Jaime

--------------------
"Everyone has problems. They only vary in design" - Mama Duck


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Pam
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quote:
Originally posted by ParaDiddle:

So, where'd that term [cajun] come from?

If someone already answered this forgive me-- I'm new to the list and didnt see it.
During what we call the French and Indian wars, French people living in the area of what is now Maine and New Brunswick were ousted by the British when they took over that portion of Canada from the French. The put to sea in boats and sailed south. From what I've heard, they were unable to find a port that would accept them, and finally put ashore in the swamps of Louisiana, where no one bothered them, nor indeed even realized they were there at first.
The word "cajun" is English pronunciation of "Cadian". The English called Indians "injuns" too.


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ParaDiddle
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Actually, That's not the term I was referring to. I'm casually familiar with the Arcadian connection. I don't really remember if anyone explained the origin of 'coonass' though. BTW, welcome and thanx for resurrecting a forgotten thread.

- ParaDiddle


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?
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In learning about syllogisms and soriteses (or whatever the plural of sorites is — sorides?), I learned that Barbara (which incidentally is the mnemonic name of the best-known type of syllogism, that of form 1:AAA, hence bArbArA) is derived from the Latin barbara, "barbarians".

Ironic (but strangely appropriate) that one of our hosts should be called Barbara, since they both battle the barbarians of illogic daily!


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J-Kitty
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Around here (and I'm assuming this is a very localized thing), anyone termed a 'redneck' is straight from the farm. (Usually because they've got farmer's tans, complete with the red neck.) Its used with the connotation that he/she is a "good old boy/gal", in the sense that they might be a little country, but overall are fair and honest. They might get into some mischief now and then, but its "nothin' that's hurtin' nobody."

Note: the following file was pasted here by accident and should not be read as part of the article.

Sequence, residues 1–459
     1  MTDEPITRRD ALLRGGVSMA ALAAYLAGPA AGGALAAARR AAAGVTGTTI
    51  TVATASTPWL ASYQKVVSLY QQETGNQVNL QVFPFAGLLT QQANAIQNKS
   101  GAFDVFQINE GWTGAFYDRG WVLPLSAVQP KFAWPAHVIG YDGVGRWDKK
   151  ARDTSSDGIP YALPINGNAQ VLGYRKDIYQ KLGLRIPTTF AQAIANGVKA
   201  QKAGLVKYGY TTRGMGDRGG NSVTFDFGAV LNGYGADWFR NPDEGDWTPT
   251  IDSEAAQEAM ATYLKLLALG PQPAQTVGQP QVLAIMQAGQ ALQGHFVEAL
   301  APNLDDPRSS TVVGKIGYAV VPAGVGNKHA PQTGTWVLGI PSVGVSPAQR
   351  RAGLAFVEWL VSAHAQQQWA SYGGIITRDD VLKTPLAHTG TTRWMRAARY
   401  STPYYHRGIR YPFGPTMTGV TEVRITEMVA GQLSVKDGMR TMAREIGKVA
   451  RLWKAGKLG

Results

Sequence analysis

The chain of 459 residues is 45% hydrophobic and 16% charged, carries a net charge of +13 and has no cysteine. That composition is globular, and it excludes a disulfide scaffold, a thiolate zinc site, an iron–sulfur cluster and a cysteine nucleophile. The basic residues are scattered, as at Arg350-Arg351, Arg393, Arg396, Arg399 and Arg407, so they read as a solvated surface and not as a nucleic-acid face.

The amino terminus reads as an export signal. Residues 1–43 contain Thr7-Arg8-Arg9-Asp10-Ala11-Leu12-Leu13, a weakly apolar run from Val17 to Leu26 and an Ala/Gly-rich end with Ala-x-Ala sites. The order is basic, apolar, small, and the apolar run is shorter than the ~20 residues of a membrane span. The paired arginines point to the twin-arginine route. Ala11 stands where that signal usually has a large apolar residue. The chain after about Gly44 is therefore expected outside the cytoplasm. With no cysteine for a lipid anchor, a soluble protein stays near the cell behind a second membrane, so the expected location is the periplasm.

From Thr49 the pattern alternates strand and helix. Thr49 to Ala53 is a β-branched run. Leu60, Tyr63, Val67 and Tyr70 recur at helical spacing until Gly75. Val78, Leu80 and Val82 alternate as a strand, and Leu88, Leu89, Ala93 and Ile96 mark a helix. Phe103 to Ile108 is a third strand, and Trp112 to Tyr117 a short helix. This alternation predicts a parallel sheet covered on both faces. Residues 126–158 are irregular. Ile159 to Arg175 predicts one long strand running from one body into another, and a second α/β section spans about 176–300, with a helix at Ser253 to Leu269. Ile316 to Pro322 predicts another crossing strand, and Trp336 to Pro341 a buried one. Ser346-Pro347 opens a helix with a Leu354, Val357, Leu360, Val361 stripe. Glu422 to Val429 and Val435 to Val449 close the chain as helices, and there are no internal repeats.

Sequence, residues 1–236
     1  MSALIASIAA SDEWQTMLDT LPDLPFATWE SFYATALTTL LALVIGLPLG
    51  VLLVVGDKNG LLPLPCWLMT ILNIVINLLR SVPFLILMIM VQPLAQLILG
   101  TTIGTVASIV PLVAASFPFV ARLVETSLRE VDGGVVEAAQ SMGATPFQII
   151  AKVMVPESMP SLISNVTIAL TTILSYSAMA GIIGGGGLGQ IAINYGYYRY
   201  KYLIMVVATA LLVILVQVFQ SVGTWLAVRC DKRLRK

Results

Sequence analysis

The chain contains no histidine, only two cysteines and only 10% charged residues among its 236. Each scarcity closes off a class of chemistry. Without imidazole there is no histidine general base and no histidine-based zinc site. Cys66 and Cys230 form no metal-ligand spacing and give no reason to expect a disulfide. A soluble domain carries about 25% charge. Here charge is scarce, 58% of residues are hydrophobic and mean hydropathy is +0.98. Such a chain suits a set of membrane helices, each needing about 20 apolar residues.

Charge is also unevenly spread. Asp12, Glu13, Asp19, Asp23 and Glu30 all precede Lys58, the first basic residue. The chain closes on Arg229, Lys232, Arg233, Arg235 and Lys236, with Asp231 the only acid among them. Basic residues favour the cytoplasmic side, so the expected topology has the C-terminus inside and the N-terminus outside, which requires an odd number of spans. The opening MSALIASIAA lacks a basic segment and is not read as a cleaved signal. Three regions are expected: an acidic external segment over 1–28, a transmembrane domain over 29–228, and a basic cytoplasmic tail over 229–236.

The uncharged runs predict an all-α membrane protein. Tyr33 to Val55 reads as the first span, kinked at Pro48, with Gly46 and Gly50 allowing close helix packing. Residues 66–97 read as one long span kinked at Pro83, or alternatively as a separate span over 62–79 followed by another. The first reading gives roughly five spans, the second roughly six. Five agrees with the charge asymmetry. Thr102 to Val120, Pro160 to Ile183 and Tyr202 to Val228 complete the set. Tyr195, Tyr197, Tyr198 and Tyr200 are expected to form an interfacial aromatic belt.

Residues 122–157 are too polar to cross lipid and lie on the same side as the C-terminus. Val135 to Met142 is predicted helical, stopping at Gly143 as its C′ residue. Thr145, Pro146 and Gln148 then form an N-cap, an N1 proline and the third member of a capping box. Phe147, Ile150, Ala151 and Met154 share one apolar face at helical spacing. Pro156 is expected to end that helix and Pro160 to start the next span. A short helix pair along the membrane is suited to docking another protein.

A "honky" is an unpleasant redneck, who'd shoot their parents for a dollar and aren't usually the most polite of people. More than likely they've had run-ins with the police. Otherwise known as trailer trash.

J "red arms too..." Kitty


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Gold-Toes
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quote:
Originally posted by JessicaDV8:
As for "yankee" meaning person from the Northeastern US, that word has almost died out, in my experience. I moved to Memphis from Philly, and the only people who called me a Yankee were twits who also called the Civil War "The War Of Northern Aggression."

errr.... my best friend (from Florida) calls me "damned yankee" all the time (and I've heard it from others as well, so it can't be that rare). Either that or "f*cked up Northerner." And being from New England I consider myself a "Yankee" (apart from the baseball team) and get really weirded out when foreigners refer to Californians, say, as "yankees." To me, the only "true" yankees are from New England and New York State, and I've actually corrected people on that issue! LOL

Sorry if this was a dead thread but I had to comment!

gold "damned yankee" toes


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Meddik
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quote:
Originally posted by Gold-Toes:

errr.... my best friend (from Florida) calls me "damned yankee" all the time (and I've heard it from others as well, so it can't be that rare).


The proper North Carolina pronunciation is more akin to "Damyankee".

But, there is a difference between a yankee and a Damyankee. The Yankee is one who comes down here, a Damyankee is one who comes down and then complains about how much better it is up north.

I don't mind the Yankees at all. One of my Mom's closest friends is the stereotypical NJ Yankee, same speech patterns, etc. In her words: "I wasn't born in the south, but I came down here as soon as I could." Even she refers to her family back in NY and NJ as a bunch of "Damyankees".


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Gold-Toes
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I would argue that people from New Jersey do not count as Yankees. They just think they're yankees.